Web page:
I am preparing for a Himalayan Expedition which requires a trekking pole at the altitude of 16000 ft and melting snow condition. I haven't used any aluminium/carbon fibre poles yet.

I usually find a wooden hiking stick in the woods and only use them when fording streams and hiking up and down steep slopes. I toss them back into the woods when I am done with them.

I am about to buy a Trekking pole but this question is bothering me: whether to buy a pair or a single-pole? Obviously, it seems the pair would provide more stability but it will also double the weight(avg 230g per pole).

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    You can always buy two and use one but you cannot buy one and use two.
    – paparazzo
    Commented Feb 12, 2017 at 19:25
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    Please remove the folding vs fixed part which is a duplicate of Trekking poles: Collapsed or fixed?. The remaining question of 1 vs 2 is IMO fine (while maybe a little bit trivial).
    – imsodin
    Commented Feb 12, 2017 at 21:44
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    I'm not convinced that any activity requires trekking poles. On steep snow/ice, I prefer an ice ax. Trekking poles make you less efficient, so presumably in terms of efficiency, 0 poles would be better than 1, and 1 better than 2. If your goal is to be inefficient, you could carry 3.
    – user2169
    Commented Feb 12, 2017 at 21:50
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    I question if most people do use more energy at 16000ft. At 16000ft most people spend a lot of time in 'micro pauses' between steps, loading the poles here takes weight off your legs.
    – user5330
    Commented Feb 13, 2017 at 20:41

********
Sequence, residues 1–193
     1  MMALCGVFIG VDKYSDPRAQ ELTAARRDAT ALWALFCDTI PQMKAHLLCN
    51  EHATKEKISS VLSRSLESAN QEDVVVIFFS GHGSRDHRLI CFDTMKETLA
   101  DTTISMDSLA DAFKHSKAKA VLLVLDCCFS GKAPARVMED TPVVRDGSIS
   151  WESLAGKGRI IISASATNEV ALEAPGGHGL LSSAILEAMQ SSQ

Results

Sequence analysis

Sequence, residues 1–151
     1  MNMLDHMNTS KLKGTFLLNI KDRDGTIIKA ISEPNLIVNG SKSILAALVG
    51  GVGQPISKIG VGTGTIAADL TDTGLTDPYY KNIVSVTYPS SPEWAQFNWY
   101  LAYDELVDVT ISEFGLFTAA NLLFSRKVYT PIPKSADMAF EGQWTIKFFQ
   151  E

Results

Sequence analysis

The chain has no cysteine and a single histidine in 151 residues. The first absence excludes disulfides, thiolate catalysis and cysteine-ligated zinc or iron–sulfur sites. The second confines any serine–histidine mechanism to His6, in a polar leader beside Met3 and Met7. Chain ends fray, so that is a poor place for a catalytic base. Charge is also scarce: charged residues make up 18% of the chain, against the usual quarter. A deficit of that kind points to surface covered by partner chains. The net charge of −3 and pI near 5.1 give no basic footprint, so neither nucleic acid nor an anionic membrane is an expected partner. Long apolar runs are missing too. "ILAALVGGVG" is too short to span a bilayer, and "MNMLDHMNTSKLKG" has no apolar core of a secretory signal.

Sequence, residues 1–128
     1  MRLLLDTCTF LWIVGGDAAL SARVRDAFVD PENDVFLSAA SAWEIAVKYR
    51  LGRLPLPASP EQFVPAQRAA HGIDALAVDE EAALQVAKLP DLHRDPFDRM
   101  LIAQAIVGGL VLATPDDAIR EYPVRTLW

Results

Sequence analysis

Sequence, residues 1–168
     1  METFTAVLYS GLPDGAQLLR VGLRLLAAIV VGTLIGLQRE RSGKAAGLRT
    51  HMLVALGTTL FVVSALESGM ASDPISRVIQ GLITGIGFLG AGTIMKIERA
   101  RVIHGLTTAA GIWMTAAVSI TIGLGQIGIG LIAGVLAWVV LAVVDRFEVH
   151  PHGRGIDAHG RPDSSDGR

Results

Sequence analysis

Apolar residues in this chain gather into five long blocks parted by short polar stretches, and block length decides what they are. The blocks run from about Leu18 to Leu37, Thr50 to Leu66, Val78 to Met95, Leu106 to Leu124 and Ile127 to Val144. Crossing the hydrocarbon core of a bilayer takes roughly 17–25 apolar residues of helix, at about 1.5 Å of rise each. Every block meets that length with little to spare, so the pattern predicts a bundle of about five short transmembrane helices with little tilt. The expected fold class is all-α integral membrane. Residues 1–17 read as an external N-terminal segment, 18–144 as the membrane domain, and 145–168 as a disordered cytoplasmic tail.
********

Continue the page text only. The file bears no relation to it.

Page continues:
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    @BenCrowell My 55 year old knees very much favor trekking poles when descending. While I could go without I would generally choose not to do a hike with a lot of elevation if I didn't have my poles. Commented Feb 14, 2021 at 2:00

2 Answers 2


They weight of the extra pole is counteracted by the energy saved using it. Poles do more than offer stability, they also save you legs precious energy on the climb, and on the descent. At 16,000ft you'll sing praises to your hiking poles, and I guarantee you'll find yourself resting on them a lot more than you would have expected. Get two poles, you won't regret it.

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    I support the suggestion of getting 2 poles wholeheartedly, but would like to point out that while there are benefits to stability you'll actually use more energy over all with poles than without. However this can be worth it to ease up on your legs/joints, and because of added stability.
    – fgysin
    Commented Feb 13, 2017 at 13:32
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    @fgysin I only agree that you use more energy in as far as you're carrying an extra 230g on the climb, but You're using your arms now to help you climb, distributing the effort over more muscle groups. You'll burn pretty much the same number of calories, but your legs will last longer, and you'll feel stronger at the end of the day.
    – ShemSeger
    Commented Feb 13, 2017 at 20:45
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    In rough and/or windy conditions, using poles saves a lot of the energy I would otherwise expend keeping myself upright. In easy conditions, the energy cost may go the other way, but it's usually worth it for me. Commented Feb 14, 2017 at 12:09

If you get a pair, you can choose whether to actually use one or both for a particular day. I recommend that you buy a pair well before your expedition, and use them enough to you learn your preference. If you never want to use both, you still have one you can retain as a spare.

Personally, I found that when I started using poles, I got very frustrated with a pair, because I no longer had a free hand to hold map and compass, or camera. After a few months of weekend trips with the poles, I developed techniques for managing with both hands occupied.

Do be aware that it's easy to have too much faith in poles when you really require an ice-axe. Don't get overconfident on snowy slopes where the poles help you maintain your footing, but don't give you the ability to arrest a fall.

You'll also have to learn to hold onto your poles when they are not required - remember to strap them onto your back and not throw them "back" into the woods!


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